Question Corner -- Do Parallel Lines Meet At Infinity?
Alternatively, you could let f l be the counterclockwise angle from some fixed reference line to l. The precise method you use is unimportant.
The lines of projective space are lines l in Euclidean space together with the extra object f l attached. In addition, the collection of all the extra objects together is also called a line in projective space called the line at infinity. This definition satisfies all the axioms of projective geometry.
For example, here's a proof that any two of these "lines" L and L' intersect in exactly one "point": If one of L and L' say, L is the line at infinity and the other L' is not, then they intersect at exactly one point because by definition L' contains exactly one point at infinity.
If neither L nor L' is the line at infinity, then each of them consists of an ordinary Euclidean line together with one point at infinity.
Parallel lines do not meet at a point.
That is, we can write and where l and l' are Euclidean lines. If l and l' intersect at a point p then f l does not equal f l' since f l only equals f l' when l and l' are parallelso p is the one and only intersection point of L and L'. This view of projective geometry makes it relatively easy to answer questions of concurrence and collinearity. For example, what does a collection of concurrent lines in projective space look like?
It is one of three things: Also, the points at infinity are all collinear in projective space. Although this view of projective geometry helps answer your question, it's still a little artificial, with all this talk of just "adding extra objects at infinity". There are two other, much more natural, ways of looking at it.
Lines In Space Projective geometry can be thought of as the collection of all lines through the origin in three-dimensional space. That is, each point of projective geometry is actually a line through the origin in three-dimensional space. The distance between two points can be thought of as the angle between the corresponding lines. A line in projective geometry is really a family of lines through the origin in three-dimensional space. To see how this ties in with the previous view of projective geometry, let P be a horizontal plane in space that does not pass through the origin.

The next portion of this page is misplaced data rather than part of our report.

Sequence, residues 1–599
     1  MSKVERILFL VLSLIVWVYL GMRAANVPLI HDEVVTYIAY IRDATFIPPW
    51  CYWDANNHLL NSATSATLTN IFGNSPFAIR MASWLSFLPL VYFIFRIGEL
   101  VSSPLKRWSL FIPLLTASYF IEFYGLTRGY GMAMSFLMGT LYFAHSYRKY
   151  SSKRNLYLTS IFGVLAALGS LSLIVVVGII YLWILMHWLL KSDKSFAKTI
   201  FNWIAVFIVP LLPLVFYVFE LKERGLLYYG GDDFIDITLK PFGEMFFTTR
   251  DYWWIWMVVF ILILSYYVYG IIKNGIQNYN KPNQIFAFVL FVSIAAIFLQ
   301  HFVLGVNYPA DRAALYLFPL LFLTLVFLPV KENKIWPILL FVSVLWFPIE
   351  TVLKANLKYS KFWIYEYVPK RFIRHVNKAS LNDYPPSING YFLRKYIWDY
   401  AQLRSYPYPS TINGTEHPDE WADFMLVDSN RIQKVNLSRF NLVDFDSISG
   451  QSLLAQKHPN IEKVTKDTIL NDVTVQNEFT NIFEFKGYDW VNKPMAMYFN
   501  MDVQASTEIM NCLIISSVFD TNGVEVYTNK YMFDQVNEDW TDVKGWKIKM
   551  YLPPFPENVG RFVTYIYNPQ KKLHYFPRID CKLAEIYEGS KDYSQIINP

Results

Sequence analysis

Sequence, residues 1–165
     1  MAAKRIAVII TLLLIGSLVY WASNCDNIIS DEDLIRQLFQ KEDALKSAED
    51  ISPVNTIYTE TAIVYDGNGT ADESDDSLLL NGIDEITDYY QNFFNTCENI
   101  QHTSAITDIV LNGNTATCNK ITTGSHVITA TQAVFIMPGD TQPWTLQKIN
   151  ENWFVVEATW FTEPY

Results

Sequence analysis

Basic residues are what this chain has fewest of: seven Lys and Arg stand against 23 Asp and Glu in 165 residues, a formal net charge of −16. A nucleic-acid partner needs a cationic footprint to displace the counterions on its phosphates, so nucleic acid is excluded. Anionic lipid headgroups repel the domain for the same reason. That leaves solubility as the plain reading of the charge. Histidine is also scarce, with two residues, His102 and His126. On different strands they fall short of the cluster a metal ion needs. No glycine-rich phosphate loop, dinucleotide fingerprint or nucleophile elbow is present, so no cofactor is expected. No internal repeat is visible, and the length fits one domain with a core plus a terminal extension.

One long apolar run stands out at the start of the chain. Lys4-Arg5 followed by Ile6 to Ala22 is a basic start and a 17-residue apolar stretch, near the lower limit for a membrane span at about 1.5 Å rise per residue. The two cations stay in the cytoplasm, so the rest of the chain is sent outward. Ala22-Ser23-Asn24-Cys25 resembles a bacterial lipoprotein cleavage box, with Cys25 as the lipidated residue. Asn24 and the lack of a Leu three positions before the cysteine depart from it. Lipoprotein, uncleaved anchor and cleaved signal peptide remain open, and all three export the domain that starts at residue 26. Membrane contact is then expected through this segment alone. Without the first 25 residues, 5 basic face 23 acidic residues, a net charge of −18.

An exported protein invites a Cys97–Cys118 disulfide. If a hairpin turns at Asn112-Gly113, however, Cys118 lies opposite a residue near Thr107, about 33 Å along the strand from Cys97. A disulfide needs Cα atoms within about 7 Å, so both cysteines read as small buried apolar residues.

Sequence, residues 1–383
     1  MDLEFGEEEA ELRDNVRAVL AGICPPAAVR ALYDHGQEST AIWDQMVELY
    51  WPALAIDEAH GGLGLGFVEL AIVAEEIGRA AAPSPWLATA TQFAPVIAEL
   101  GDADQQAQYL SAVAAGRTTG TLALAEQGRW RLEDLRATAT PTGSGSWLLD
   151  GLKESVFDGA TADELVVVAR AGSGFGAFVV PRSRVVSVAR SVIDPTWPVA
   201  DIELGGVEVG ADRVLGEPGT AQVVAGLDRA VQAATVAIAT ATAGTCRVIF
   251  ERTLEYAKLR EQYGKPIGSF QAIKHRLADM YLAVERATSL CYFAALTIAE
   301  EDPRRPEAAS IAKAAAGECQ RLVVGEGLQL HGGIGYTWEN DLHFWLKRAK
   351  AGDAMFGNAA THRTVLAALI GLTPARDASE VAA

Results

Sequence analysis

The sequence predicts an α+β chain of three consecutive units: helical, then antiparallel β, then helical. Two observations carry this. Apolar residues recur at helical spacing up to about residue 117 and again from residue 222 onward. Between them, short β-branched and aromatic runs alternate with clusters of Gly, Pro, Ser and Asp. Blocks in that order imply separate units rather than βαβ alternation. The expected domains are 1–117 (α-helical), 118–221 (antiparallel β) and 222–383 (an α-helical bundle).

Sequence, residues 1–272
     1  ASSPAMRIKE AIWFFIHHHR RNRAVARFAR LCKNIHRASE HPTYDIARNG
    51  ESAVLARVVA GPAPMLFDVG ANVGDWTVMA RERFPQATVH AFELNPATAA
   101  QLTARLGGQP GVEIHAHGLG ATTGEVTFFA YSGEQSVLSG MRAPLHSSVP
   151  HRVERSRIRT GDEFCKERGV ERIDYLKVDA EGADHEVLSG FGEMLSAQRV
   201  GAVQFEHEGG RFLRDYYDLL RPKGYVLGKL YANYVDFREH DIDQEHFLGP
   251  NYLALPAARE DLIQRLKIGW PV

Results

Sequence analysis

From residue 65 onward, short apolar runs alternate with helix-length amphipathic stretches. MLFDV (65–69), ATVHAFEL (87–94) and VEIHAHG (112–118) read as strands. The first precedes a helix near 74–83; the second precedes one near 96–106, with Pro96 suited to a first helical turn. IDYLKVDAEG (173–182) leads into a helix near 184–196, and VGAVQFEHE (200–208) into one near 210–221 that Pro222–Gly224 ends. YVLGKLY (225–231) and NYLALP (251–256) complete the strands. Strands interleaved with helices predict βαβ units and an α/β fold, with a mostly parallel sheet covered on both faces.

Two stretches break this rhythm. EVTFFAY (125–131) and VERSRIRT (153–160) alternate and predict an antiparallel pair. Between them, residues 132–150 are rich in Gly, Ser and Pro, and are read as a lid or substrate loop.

As can be seen in the picture below, every line through the origin passes through exactly one point on P, except for the horizontal lines. So there is a one-to-one correspondence between the points on the ordinary plane P, and some of the points in projective space namely, all non-horizontal lines through the origin in 3-d space. If you are talking about ordinary lines and ordinary geometry, then parallel lines do not meet. In this context, there is no such thing as "infinity" and parallel lines do not meet.
However, you can construct other forms of geometry, so-called non-Euclidean geometries. For example, you can take the usual points of the plane and attach to them an additional point called "infinity" and consider all lines to also include this additional point. In this context, there is a single "infinity" location where all lines meet. In a geometry like this, all lines intersect at infinity, in addition to any finite point where they might happen to meet.
Or, you could attach not just one additional point, but a whole collection of additional points, one for each direction.
Line at infinity - Wikipedia
Then you can consider two parallel lines to meet at the extra point corresponding to their common direction, whereas two non-parellel lines do not intersect at infinity but intersect only at the usual finite intersection point. This is called projective geometry, and is described in more detail in the answer to another question. There is no such thing as infinity, and it is wrong to say that parallel lines meet at infinity.